TABB Study: Hedge Fund Consolidation to Increase

February 15, 2005 ( - The hedge fund industry will see an increasing amount of consolidation and an even stronger call for increased yield over the next five years, according to a TABB group report.

Citing the rush of cash into the marketplace and an increased pressure to strengthen yields, the TABB report asserted that the hedge fund industry is in a transition period. One effect of this transition: a consolidation of funds.

The TABB report indicated that although large funds will probably not buy smaller funds en masse in the coming years, it is likely that funds of funds and traditional asset managers will start to purchase smaller hedge funds in order to fend of threats from larger funds.

Another effect of the transition: a call for higher yields on investment. “This battle for yield will have a serious significant impact on the industry,” wrote Josh Galper, director at TABB Group and author of the 61-page report, in a press release. “Initially, it will force funds to change their overall investment strategies, invest in new analytics to more aggressively look for opportunities and focus on reducing costs…which for many large funds will be fairly new in a burgeoning industry more return-focused than cost-focused.”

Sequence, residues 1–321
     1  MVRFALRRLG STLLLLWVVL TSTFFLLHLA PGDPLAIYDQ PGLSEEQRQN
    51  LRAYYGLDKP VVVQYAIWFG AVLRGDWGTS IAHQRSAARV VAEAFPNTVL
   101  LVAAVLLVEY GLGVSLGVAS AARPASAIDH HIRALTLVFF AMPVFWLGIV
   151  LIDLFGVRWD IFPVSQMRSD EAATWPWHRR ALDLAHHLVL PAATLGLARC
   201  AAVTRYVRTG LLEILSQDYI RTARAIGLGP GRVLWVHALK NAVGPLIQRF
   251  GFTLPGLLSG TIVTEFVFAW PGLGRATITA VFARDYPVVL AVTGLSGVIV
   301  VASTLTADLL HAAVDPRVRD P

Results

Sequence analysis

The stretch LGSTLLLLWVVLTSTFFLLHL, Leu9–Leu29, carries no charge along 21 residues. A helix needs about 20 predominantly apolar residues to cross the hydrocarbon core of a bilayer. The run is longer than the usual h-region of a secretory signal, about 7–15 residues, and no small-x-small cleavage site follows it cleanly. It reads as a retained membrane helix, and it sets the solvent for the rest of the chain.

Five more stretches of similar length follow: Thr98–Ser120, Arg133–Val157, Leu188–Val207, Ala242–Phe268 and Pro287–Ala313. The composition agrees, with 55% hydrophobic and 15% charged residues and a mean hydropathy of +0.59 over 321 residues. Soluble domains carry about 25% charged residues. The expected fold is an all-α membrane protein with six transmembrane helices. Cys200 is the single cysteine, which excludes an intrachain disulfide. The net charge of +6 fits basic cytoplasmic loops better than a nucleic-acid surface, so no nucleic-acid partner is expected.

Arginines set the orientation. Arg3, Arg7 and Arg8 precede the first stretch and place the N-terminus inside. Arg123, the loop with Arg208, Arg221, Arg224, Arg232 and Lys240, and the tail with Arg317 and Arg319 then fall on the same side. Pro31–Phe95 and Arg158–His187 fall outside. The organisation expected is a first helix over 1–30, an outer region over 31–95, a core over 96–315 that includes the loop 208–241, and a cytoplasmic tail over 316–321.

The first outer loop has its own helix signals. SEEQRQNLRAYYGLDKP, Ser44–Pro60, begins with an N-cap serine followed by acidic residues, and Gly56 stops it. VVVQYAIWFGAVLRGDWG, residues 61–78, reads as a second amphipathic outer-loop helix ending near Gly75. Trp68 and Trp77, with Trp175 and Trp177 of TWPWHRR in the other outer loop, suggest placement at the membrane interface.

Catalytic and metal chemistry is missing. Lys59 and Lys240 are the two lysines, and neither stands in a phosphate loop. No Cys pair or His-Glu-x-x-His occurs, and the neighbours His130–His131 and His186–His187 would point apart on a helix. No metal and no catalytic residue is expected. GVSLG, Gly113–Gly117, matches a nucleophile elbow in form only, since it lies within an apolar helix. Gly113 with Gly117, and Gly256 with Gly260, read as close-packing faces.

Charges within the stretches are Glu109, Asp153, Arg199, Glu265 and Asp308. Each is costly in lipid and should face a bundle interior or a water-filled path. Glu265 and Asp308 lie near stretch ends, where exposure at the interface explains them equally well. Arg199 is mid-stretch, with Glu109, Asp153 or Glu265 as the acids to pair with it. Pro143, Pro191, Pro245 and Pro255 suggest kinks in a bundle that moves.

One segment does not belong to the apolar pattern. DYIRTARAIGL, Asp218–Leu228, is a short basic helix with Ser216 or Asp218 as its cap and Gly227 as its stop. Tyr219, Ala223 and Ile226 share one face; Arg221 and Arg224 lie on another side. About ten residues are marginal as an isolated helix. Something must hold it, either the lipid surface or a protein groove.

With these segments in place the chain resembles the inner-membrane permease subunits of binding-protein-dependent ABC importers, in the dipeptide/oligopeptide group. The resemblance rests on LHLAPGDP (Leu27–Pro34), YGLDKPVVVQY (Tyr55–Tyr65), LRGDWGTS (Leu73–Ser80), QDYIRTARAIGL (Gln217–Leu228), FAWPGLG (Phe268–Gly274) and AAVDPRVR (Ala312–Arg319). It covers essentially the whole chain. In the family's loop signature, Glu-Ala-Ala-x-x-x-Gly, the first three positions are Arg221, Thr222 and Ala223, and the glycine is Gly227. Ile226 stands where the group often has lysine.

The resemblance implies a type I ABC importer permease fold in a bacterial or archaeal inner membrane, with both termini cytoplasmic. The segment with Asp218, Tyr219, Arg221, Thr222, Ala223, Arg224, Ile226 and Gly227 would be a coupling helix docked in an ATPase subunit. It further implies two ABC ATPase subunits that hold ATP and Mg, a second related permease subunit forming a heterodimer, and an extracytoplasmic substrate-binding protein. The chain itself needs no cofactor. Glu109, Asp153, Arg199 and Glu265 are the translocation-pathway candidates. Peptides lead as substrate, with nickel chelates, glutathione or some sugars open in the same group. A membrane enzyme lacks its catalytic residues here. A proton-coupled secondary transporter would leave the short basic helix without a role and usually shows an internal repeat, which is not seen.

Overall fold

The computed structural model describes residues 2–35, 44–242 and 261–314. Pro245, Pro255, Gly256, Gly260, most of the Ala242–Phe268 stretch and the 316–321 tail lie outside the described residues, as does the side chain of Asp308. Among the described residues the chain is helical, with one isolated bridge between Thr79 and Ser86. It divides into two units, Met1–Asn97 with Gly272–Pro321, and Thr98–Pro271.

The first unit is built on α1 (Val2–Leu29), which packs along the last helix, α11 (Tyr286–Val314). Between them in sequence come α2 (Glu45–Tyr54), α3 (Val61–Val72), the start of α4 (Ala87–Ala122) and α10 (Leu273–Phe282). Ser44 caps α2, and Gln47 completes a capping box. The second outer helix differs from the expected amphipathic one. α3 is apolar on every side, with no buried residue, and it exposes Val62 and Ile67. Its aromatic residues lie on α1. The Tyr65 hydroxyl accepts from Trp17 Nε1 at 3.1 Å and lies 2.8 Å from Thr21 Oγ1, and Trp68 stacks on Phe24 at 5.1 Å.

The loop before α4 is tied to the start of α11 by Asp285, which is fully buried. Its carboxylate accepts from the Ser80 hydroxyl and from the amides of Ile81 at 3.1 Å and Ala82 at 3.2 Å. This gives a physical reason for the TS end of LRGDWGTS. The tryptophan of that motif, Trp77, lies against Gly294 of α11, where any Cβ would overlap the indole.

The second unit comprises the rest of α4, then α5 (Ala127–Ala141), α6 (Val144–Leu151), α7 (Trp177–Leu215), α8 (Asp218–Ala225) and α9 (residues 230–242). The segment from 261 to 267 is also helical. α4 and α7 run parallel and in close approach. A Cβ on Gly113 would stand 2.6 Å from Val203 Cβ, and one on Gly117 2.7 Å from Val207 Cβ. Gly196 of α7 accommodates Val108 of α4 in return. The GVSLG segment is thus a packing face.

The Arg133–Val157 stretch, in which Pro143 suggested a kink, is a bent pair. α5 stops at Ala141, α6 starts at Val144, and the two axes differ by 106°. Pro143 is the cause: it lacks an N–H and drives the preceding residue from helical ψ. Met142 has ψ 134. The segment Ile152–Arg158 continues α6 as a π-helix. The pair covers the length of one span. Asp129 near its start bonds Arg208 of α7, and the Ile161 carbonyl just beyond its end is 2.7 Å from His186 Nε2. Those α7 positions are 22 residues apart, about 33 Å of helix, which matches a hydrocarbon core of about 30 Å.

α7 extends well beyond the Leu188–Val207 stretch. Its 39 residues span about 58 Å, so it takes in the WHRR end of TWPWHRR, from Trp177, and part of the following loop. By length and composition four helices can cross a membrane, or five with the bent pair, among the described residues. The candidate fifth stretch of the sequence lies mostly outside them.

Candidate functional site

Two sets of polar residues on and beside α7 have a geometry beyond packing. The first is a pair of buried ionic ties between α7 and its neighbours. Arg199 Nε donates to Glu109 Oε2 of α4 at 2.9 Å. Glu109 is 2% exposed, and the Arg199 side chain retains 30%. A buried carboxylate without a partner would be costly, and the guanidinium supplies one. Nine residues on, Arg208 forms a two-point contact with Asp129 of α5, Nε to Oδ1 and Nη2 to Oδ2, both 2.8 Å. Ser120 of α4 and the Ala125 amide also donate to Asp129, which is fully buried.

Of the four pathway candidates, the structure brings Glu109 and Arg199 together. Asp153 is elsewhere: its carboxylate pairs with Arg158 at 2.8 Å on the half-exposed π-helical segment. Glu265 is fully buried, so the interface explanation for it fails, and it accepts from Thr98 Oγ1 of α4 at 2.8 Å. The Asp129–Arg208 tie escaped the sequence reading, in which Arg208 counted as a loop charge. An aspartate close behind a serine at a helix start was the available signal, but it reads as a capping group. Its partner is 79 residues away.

The survey also looked at other aspects of the hedge fund universe. One such focus was on the trading technology of firms. Forty-seven percent of firms currently execute trades through low- or no-touch channels, such as direct market access, algorithms, and crossing networks. Fifty-three percent, however, execute trades via older methods, such as the phone. However, low- or no-touch methods will become increasingly common, with 57% of hedge funds expecting to use such technology by 2007.

Prime brokerage was also a focus of the survey. Goldman Sachs and Morgan Stanley are the two kingpins of this space, holding a 40% market share between the two of them, the survey revealed. Prime brokers such as these have a steady influence in a hedge fund’s inner workings, the survey also found, with 50% of funds reporting that their broker relationship determines what algorithms they use.

Nearly 40% of hedge funds surveyed are increasing their broker relationships, often citing research, product diversity and improved trading technology as reasons to do so. Only 20% are reducing their broker relationships, with most of these citing the need to consolidate their execution platform as a reason.

On the topic of regulation, 69% said that they believe such a move is a positive step for the industry. However, among larger funds, only 50% take this view.

The survey is the result of interviews with senior management at 63 hedge funds across multiple asset classes and sizes collectively managing $110 billion, 11.8% of the $930 billion hedge fund industry. To get an executive summary of the survey, please see .